In short, prices force people to share, whether or not they are aware of sharing. Prices rise in the first place because the amount demanded exceeds the amount supplied at existing prices. Prices fall because the amount supplied exceeds the amount demanded at existing prices. The first case is called a “shortage” and the second is called a “surplus” – but both depend on existing prices. Economics is a study of consequences of various ways of allocating scarce resources which have alternative uses. It is not a study of our hopes and values. While scarcity is inherent, shortages are not. Scarcity simply means that there is not enough to satisfy everyone’s desires. Right now that scarcity is money based on poor cash flow. With nothing, or very little coming in, every company is looking to stop the bleeding by drastically reducing their spending. This includes wages, inventory, power, and whatever else it takes to survive this. A shortage, however, means that there are people willing to pay the price of the good but are unable to find it. In a price coordinated economic system that shares its resources, those who want to use wood to produce furniture, for example, must bid against those who want to use it to produce houses, paper or baseball bats. Those who want to use milk to produce cheese must bid against those who want to use it to produce yogurt or ice cream. For example, whenever the price of oranges goes up, some people switch to tangerines. If a vacation on the beach becomes too expensive, people may take a cruise instead. This is incremental substitution. Not everyone stops eating oranges when they become too pricey. Some continue to eat the same number they always ate. Others cut back, while others stop entirely and/or switch to another fruit. In spite of the fact that the orange is still the same, the value of the orange that each individual attaches to it differs greatly. This is where we are now. We have some pricey “oranges” and too many customers are either switching to another fruit, or just not eating fruit. When the price of oranges goes up, it means the demand for oranges has exceeded the availability. But when the price of oranges comes down, it means the supply of oranges has exceeded the demand for them. A Quick Study of The Rise and Fall of Businesses A&P was once the largest retail chain in any field, any wherein the world, with sales greater than the combined sales of leading contemporary retail giants Sears, Penney and Montgomery Ward. 4 The fact that A&P has shrunk to a fraction of its former size, and is now virtually unknown, suggest that industry and commerce are not static things, but dynamic processes, in which individual companies and whole industries rise and fall, as a result of relentless competition under changing conditions. Half the companies on the Fortune 500 list of the biggest businesses in 1980 were on longer on that list a decade later. During the ‘20s, A&P was making phenomenal rate of profit on its investment – never less than 20% per year. But in the ‘50s it began to change when they lost $50MM in one 52 week period. A few years later it lost $175MM over the same time span. When A&P was prospering up until 1950, it did so by charging LOWER prices than competing grocery stores. It could do this because it kept its costs lower and the resulting lower prices attracted vast numbers of customers. When it began to lose customers to other grocery chains, this was because the latter could now sell for lower prices than A&P. Changing conditions in the surrounding society brought this about – together with differences in the speed with which different companies spotted the changes and realized their implications. What appeared on the scene were shopping malls. As the ownership of automobiles, refrigerators and freezers became more widespread, this completely changed the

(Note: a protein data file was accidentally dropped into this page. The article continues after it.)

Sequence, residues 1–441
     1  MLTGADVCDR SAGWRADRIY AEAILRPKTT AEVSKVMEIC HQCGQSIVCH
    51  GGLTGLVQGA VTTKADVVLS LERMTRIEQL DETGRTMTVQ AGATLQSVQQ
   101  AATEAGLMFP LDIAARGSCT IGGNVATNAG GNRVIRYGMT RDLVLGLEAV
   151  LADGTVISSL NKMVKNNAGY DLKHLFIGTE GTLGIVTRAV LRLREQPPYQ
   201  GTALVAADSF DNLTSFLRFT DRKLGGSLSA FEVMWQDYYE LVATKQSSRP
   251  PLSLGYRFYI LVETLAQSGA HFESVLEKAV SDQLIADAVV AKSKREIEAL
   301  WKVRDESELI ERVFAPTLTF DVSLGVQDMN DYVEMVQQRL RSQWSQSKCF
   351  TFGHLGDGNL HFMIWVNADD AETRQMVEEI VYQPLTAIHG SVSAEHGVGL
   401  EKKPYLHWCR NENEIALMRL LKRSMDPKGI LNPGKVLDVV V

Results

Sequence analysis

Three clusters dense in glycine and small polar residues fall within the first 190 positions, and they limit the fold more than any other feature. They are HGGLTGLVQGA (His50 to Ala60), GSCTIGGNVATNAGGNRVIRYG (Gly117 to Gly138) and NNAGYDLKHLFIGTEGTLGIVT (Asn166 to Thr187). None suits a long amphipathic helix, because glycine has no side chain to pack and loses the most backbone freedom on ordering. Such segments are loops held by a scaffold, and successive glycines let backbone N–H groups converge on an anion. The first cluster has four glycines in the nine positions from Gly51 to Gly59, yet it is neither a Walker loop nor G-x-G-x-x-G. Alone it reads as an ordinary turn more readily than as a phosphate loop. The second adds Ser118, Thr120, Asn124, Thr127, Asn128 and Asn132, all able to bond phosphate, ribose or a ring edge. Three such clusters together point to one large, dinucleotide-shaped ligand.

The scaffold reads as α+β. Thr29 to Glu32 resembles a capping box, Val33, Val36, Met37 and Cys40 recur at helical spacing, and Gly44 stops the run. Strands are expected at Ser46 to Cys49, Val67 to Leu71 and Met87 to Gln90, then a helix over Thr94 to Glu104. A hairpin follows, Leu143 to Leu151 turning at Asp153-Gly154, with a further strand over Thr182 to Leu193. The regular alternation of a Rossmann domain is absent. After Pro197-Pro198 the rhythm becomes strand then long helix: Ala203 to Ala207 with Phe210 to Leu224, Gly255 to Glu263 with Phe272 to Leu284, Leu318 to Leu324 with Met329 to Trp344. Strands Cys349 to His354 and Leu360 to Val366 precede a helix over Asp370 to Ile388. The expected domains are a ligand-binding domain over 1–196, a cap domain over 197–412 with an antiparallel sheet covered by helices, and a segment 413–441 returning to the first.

economics of the grocery industry. With a car, shoppers could now buy far more groceries at one time than they could have carried home in their arms from an urban neighborhood store before the war. Refrigerators and freezers now made it possible to stock up on perishable items like meat and dairy products. This all added up to fewer trips to the grocery store with larger purchases each time. The grocery stores were experiencing large volume of sales at each given location. High volume meant savings in delivery costs from the producer to the supermarket. It also meant savings in the cost of selling. It did not take tens time as long to check out one customer buying $50 worth of groceries as it did to check out ten customers buying $5 worth of groceries each at a neighborhood store. A&P lingered in the central cities longer and did not follow the shifts of population to California and other sunbelt areas. After years of being the low price provider, A&P suddenly found itself being undersold by rivals with even lower costs of doing business. While A&P succeeded in one era and failed in another, what is more important is that the economy as a whole succeeded in both eras in getting its groceries at the lowest prices possible at the time – from whichever company happened to have the lowest prices. Profits and Losses “An enterprise system is a profit and loss system, and the loss part may be even more important than the profit part. The crucial difference is in what ventures are continued 5 and which are abandoned. The crucial requirement for maintaining growth and progress is that successful experiments be continued and unsuccessful experiments be terminated.” Milton Friedman Keeping track of the money coming in and the money going out can make the difference between profit and loss. It is the hope for profits and the threat of losses that force a business owner in a capitalist economy to produce at the lowest cost and sell what the customers are willing to pay for it. In the absence of these pressures, owners in a socialistic environment have far less incentive to be as efficient as possible under given conditions, much less to keep up with changing conditions and respond to them quickly, as capitalist enterprises must do if they expect to survive. Under a capitalist economy, even the most profitable business can lose its market if it doesn’t’ keep innovating, in order to avoid being overtaken by competitors. The fact that most goods are available more cheaply in a capitalist economy implies that profit is less costly than inefficiency. Or, Profit is a Price Paid for Efficiency. The greater efficiency must outweigh the profit or else socialism in practice would have lower prices and greater prosperity, which has never happened. Profit is the owner’s legal claim to whatever residual is left over after the costs have been paid out of the money received from customers. That residual can turn out to be positive, negative or zero. The ONLY person whose payment is contingent upon how well the business is doing is the owner of that business. Return on Investment & Return on Sales A store that sells pianos undoubtedly makes a higher percentage profit on each sale than a supermarket makes selling bread. But a piano sits in the store for a much longer time waiting to be sold than a loaf of bread does. Bread would go stale waiting for as long as a piano to be sold. When a supermarket chain buys $10,000.00 worth of bread, it gets its money back much faster than when a piano dealer buys $10,000.00 worth of pianos. The piano dealer must charge a higher percentage markup on the sale of each piano than a supermarket charges on each loaf of bread, if the piano maker is to make the same annual percentage rate of return on a $10,000.00 investment. When the supermarket gets its money back in a